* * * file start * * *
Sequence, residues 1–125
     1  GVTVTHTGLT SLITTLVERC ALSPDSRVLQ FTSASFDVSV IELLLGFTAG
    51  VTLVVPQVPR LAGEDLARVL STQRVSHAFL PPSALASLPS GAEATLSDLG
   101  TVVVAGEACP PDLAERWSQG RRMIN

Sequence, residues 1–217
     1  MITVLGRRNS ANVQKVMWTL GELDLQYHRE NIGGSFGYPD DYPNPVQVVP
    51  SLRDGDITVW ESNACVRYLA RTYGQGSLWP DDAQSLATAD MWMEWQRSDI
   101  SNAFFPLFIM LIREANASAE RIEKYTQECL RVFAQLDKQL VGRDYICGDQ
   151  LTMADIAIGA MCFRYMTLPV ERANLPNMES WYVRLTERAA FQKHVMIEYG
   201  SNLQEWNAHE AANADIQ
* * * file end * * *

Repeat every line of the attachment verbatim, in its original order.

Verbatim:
Sequence, residues 1–125
     1  GVTVTHTGLT SLITTLVERC ALSPDSRVLQ FTSASFDVSV IELLLGFTAG
    51  VTLVVPQVPR LAGEDLARVL STQRVSHAFL PPSALASLPS GAEATLSDLG
   101  TVVVAGEACP PDLAERWSQG RRMIN

Sequence, residues 1–217
     1  MITVLGRRNS ANVQKVMWTL GELDLQYHRE NIGGSFGYPD DYPNPVQVVP
    51  SLRDGDITVW ESNACVRYLA RTYGQGSLWP DDAQSLATAD MWMEWQRSDI
   101  SNAFFPLFIM LIREANASAE RIEKYTQECL RVFAQLDKQL VGRDYICGDQ
   151  LTMADIAIGA MCFRYMTLPV ERANLPNMES WYVRLTERAA FQKHVMIEYG
   201  SNLQEWNAHE AANADIQ